Sunday, February 10, 2008

Where do stories start?

Looking back along my life, I can see several times and places where the seeds were sown that ultimately merged into Storyteller. One of the earliest was planted by my grandfather, who used to tell us bedtime stories: an old man telling about things that happened when he was a boy. Not the great elaborate tales that Gwernin tells, but stories nontheless. That is a seed with very deep roots indeed.

Another seed was planted on an October day when I was fourteen, when my high school Latin teacher brought in a book to show us, a book which had recently won a Carnegie award. It was about a young man in Roman Britain – at the end of Roman Britain – a time and place which was new and exotic to me. The book was The Lantern Bearers by Rosemary Sutcliff. I read it, and went on to read – and re-read down the years - everything else I could find by her. Most of her books are for young adults or children, but the best are good stories suitable for any age. One of the last she wrote – she died in 1992 – was The Shining Company, set in 6th century Britain, and one of its central characters is the poet Aneirin, who appears in my books as the young bard Neirin (the original form of his name). He looks different in my version, and his background and life story are different, but down at the core he is much the same person - as he has to be, to write the great poem Y Gododdin by which we know him, 1400 years later.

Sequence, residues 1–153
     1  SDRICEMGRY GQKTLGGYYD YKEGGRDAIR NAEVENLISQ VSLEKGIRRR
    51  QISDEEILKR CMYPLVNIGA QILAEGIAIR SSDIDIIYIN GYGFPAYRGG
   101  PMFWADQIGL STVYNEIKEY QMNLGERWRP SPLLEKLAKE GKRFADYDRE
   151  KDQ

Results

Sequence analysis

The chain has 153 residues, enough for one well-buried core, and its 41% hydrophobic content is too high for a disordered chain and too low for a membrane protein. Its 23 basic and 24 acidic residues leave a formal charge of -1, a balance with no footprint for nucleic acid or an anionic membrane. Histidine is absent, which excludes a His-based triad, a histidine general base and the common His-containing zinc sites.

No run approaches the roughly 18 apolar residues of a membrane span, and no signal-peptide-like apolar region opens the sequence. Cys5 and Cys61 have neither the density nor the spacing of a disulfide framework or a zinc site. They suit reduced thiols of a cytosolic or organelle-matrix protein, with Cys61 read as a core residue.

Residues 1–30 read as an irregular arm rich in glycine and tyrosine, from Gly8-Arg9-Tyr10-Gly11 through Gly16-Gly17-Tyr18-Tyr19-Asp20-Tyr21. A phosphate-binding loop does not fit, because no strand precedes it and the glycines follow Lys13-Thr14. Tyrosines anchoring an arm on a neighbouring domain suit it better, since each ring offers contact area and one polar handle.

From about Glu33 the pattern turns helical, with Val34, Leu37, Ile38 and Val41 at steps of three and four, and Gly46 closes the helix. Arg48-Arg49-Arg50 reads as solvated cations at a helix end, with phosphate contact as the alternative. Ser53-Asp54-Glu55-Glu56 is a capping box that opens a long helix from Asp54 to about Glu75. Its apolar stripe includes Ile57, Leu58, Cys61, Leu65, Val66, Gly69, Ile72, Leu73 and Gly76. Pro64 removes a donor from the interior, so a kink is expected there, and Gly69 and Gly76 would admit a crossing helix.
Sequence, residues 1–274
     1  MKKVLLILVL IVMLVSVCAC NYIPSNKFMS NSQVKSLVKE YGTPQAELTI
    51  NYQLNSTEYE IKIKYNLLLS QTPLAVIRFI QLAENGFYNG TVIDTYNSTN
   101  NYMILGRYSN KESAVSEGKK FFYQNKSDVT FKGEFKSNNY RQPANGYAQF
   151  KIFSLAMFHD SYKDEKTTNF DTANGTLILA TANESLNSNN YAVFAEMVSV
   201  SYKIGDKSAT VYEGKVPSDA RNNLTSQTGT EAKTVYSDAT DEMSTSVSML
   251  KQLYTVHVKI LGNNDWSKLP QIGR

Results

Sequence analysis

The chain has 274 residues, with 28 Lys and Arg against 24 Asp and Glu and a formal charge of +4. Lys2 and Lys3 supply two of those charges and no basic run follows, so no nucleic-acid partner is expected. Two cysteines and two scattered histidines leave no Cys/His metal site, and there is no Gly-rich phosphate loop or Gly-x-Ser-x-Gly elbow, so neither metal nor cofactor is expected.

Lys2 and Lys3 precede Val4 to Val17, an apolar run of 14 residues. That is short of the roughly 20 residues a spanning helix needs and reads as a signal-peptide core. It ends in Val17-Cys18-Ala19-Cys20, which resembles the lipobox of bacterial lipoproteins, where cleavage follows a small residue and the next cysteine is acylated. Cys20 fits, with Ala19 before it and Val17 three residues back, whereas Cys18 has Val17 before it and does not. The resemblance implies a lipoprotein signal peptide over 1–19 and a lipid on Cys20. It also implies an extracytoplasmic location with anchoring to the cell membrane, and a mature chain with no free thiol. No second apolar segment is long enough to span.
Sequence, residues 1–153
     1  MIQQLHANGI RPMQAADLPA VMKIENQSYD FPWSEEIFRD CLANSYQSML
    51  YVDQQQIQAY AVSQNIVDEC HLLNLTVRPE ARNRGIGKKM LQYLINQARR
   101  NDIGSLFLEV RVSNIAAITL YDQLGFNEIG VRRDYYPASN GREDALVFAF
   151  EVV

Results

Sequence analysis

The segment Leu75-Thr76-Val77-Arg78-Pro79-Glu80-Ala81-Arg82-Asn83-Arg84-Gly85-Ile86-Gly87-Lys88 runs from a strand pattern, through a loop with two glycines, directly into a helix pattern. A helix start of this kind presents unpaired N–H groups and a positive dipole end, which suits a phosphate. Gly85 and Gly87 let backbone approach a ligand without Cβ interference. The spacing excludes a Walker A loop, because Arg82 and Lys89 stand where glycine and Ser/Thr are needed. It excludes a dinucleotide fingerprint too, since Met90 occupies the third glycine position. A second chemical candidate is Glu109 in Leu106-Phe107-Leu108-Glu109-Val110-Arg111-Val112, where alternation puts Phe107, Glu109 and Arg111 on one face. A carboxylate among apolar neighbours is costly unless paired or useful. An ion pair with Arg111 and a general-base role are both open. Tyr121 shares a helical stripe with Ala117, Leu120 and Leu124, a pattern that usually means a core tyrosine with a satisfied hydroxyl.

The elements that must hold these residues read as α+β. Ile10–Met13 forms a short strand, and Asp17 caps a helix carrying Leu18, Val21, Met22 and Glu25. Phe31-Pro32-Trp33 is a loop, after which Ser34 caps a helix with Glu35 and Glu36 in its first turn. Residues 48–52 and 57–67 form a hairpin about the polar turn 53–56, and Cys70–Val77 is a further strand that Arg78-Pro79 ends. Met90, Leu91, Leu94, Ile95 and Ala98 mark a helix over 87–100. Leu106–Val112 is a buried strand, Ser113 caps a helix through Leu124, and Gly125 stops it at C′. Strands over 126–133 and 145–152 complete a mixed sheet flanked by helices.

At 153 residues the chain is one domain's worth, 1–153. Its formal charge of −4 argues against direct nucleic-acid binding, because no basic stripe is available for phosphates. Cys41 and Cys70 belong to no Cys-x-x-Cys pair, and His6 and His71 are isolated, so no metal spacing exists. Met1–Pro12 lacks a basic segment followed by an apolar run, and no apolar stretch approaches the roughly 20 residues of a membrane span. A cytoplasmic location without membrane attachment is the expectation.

There were other seeds, of course, and maybe I’ll blog about them another day. But for now, I’m back to packing.


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